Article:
Monday, February 01, 2010

Timothy Dwight on the Partially Inspired Bible of Priestley and Price:

Founding era figures Timothy Dwight (President of Yale), Joseph Priestley and Richard Price all thought of themselves as "Christian." Dwight was "orthodox"; Priestley was Socinian; Price was Arian. As it were, all believed Jesus was Messiah and a risen savior. Dwight believed Jesus the Second Person in the Trinity; Priestley, Jesus only man, not divine at all, but on a divine mission; and Price, Jesus, a created but subordinate divine Son, the first created being.

The "orthodox" like Dwight accused unitarians like Priestley and Price of believing, by necessity, in a partially inspired, that is fallible Bible. That's how, the orthodox argue, unitarians derive a non-Triune God from revelation.

With that, here Dr. Dwight discusses Priestley and Price denying the infallibility of the Bible [paragraphs breaks added for clarity]:

... Dr. Priestley says expressly, that he does not consider the books of Scripture as inspired, but as authentic records of the dispensations of God to mankind; with every particular of which we cannot be too well acquainted. The writers of the books of Scripture, he says, were men, and therefore fallible. But all, that we have to do with them, is in the character of historians, and witnesses, of what they heard and saw: like all other historians, they were liable to mistakes.

"Neither I," says he to Dr. Price, "nor, I presume, yourself, believe implicitly every thing, which is advanced by any writer in the Old or New Testament. I believe them," that is, the writers, "to have been men, and therefore fallible." And again; "That the books of Scripture were written by particular divine inspiration is a thing, to which the writers themselves make no pretensions. It is a notion destitute of all proof, and that has done great injury to the evidence of Christianity." The reasonings of the divine writers, he declares, we are fully at liberty to judge of, as we are those of other men. Accordingly, he asserts St. Paul in a particular instance to have reasoned fallaciously; and maintains that Christ was both fallible and peccable.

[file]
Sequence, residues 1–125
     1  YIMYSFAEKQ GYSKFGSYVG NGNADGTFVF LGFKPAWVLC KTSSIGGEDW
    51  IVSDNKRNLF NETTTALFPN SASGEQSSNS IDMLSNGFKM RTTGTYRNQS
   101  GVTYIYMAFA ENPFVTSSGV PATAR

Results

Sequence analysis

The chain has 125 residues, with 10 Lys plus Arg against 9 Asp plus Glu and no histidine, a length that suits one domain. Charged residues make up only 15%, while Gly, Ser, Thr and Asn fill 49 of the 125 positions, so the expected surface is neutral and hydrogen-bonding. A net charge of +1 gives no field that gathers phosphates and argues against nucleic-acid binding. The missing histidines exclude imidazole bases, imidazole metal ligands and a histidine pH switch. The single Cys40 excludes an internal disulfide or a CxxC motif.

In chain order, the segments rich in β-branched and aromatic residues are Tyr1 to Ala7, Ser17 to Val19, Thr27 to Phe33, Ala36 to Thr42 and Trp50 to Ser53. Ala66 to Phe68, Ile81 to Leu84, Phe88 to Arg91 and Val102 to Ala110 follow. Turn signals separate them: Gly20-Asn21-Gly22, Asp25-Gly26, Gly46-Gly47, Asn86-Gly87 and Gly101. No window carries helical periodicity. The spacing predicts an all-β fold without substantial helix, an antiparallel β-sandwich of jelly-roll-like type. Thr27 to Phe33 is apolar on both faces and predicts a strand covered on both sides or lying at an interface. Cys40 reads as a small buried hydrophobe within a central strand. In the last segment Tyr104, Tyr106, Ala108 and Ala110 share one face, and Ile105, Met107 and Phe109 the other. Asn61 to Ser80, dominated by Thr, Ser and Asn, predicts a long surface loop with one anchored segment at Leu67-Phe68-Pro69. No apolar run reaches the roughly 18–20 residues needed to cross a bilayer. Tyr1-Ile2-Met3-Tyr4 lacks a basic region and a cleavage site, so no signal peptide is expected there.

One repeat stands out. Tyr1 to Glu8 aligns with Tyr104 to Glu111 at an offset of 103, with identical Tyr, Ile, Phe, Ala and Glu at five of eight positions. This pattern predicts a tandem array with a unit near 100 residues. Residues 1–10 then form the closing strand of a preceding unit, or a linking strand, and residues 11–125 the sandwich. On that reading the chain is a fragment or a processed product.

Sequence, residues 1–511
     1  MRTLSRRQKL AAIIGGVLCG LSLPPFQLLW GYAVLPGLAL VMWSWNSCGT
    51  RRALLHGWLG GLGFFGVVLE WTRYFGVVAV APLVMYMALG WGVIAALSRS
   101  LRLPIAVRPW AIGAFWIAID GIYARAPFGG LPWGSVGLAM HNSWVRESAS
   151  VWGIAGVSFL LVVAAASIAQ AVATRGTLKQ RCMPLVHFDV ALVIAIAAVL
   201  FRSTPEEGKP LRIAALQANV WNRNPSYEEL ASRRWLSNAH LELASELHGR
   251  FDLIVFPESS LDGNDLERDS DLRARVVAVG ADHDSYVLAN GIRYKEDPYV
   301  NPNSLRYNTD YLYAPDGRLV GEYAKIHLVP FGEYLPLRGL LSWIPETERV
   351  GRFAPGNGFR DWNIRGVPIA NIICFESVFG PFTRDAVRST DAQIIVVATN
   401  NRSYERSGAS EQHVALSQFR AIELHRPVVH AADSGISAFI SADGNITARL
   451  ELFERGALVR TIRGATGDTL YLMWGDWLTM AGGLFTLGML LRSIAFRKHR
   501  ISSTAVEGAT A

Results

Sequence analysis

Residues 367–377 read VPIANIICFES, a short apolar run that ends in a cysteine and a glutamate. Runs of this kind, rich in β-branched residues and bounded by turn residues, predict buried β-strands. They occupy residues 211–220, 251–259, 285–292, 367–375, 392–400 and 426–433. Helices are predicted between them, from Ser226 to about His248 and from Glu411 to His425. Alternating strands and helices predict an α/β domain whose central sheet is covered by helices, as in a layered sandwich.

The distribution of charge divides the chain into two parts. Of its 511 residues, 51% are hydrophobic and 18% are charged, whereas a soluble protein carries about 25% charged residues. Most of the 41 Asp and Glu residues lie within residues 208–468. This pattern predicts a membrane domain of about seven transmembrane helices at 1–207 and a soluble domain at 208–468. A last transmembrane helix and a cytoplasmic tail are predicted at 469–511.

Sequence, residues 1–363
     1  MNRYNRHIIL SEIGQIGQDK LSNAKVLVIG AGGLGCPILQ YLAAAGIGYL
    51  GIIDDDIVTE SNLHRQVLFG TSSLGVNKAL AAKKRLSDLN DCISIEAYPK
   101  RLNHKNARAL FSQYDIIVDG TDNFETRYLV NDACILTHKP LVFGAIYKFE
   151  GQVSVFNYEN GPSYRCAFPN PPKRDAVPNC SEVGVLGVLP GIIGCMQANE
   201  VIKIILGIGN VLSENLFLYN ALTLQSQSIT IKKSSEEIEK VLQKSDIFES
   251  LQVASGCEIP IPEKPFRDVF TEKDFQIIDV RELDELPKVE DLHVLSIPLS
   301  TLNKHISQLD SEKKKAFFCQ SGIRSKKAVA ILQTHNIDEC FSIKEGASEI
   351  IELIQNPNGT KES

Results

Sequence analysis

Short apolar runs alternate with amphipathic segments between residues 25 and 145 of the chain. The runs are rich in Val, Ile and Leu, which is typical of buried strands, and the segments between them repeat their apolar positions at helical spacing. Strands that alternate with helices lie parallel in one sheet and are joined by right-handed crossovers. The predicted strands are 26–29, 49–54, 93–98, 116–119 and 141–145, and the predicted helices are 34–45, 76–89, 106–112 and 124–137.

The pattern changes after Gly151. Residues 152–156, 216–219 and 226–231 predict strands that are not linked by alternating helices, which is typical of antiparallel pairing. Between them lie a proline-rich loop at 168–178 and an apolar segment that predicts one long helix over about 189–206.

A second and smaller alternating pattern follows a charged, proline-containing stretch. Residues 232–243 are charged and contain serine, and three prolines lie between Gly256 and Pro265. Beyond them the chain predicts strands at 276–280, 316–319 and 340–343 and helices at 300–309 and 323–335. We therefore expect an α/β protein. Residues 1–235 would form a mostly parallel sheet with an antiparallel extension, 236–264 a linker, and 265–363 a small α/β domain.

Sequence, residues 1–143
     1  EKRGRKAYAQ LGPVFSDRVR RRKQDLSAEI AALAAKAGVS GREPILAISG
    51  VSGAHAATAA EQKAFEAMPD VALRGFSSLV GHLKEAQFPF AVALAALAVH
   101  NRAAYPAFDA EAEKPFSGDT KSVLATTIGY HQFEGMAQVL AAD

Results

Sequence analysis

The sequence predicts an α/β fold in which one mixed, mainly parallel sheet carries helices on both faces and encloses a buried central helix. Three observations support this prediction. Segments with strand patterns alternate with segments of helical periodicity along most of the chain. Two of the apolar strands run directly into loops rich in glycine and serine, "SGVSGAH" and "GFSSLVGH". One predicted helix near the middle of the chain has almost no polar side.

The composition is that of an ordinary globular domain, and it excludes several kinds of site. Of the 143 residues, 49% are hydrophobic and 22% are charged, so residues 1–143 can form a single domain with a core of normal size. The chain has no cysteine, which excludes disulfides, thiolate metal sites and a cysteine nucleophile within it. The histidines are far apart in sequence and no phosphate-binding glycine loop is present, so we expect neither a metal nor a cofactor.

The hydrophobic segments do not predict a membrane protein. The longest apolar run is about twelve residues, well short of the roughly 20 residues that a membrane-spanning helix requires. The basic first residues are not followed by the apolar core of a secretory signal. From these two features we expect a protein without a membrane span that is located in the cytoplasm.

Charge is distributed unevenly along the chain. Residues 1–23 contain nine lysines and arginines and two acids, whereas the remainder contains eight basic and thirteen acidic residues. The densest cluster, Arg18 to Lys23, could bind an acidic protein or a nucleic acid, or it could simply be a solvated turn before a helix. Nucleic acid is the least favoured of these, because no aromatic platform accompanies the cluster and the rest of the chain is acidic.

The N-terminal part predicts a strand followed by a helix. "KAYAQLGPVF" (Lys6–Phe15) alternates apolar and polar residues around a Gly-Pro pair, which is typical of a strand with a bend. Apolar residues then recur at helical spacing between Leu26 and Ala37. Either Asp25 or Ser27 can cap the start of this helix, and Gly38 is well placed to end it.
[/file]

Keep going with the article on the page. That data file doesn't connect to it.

Other English Socinians unite with Dr. Priestley in these sentiments: while Socinians of other nations proceed so far, as to treat the writers themselves, and their books, with marked contempt. In these several things there is plainly an utter denial, that the Scriptures are a Revelation from God. To all these opinions Dr. Priestley was once directly opposed: for he was once a Trinitarian, and a Calvinist. The inference seems, therefore, to be necessary, that he was led to them all by his denial of the Deity of Christ. A similar transformation appears to have been undergone by many other Socinians; and something very like it by no small number of Arians.

I've long argued that the "Christianity" of Priestley and Price -- what they termed "rational Christianity" -- is closer to what the "key Founders" (Washington, J. Adams, Jefferson, Madison, Franklin, and others) believed than is the "Christianity" of the "orthodox" like Dwight.

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